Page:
Heavy rain sends 11 million gallons of untreated wastewater into Puget Sound

West Point Treatment Plant (Photo credit: King County Government website)

The West Point Treatment Plant in Seattle sent 11 million gallons of untreated storm water and sewage into Puget Sound on Wednesday, King County’s wastewater treatment division announced, blaming the release on widespread power outages.

Additionally, heavy rainfall overwhelmed the capacity of the county’s Shoreline pump station, while flow volumes did the same at its Medina facility, sending overflows of 165,000 gallons and 80,600 gallons, respectively, into Puget Sound, the Kitsap Sun reported.

The overflows led the Kitsap Public Health District to issue health advisories along Bainbridge Island and North Kitsap shorelines. A no-contact advisory is in effect through Jan. 19, and a shellfish harvesting advisory is in effect through Feb. 2.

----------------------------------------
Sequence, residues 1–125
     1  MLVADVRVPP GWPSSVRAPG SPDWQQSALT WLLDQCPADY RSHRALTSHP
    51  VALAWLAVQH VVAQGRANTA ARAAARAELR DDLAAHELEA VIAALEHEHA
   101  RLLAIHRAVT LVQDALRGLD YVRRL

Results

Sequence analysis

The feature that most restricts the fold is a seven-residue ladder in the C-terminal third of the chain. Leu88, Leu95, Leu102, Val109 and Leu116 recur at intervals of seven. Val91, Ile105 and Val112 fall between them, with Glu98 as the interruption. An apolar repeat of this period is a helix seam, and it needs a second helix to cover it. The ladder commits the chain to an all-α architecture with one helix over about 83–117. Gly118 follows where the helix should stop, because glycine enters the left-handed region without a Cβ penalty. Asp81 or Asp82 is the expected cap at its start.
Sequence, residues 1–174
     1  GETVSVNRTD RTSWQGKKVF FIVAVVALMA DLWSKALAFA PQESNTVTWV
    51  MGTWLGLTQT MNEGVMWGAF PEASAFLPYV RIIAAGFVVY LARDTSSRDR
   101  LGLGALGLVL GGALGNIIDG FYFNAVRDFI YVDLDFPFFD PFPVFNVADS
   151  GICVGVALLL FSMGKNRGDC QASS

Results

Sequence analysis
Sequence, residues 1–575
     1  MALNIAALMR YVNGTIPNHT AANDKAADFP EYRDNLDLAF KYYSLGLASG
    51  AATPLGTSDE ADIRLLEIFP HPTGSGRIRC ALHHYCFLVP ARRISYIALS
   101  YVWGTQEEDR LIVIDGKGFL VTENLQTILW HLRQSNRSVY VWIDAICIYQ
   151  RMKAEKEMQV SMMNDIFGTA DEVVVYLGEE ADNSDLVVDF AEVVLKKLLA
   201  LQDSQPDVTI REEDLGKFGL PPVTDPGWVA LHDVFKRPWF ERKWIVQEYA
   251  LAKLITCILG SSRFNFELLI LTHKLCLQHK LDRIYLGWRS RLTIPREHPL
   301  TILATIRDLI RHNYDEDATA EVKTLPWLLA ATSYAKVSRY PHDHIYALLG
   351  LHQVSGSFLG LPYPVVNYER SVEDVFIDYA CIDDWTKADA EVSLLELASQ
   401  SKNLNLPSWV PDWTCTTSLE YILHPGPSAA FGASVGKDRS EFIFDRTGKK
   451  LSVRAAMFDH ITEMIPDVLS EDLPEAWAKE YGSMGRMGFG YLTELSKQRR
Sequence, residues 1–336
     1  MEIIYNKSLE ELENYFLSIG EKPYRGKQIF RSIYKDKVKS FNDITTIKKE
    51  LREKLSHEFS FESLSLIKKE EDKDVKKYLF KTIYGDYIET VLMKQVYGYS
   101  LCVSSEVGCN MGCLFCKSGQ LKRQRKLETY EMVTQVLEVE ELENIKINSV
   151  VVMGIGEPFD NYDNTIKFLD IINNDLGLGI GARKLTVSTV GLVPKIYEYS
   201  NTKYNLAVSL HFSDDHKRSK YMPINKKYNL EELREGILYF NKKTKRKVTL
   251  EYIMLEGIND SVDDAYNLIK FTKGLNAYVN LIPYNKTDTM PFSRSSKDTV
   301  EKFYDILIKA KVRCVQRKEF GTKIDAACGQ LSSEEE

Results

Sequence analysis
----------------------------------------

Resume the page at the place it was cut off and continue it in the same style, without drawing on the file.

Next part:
The affected areas include the east shoreline of Bainbridge from Wing Point to Agate Point as well as Suquamish shorelines from the Agate Pass Bridge up to north of Kingston.

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Pumping stations at the West Point facility shut down repeatedly between midnight and 2 a.m. as the facility experienced "a series of voltage fluctuations," an announcement of the spill from King County said.

"While county field operators worked to get the pumps running consistently, operators were able to mitigate the amount of the overflow by controlling the partial closing of the emergency bypass gate," the department said.

"Equipment and operations worked as needed to protect the plant and employee safety from flooding. All systems were back online within two hours."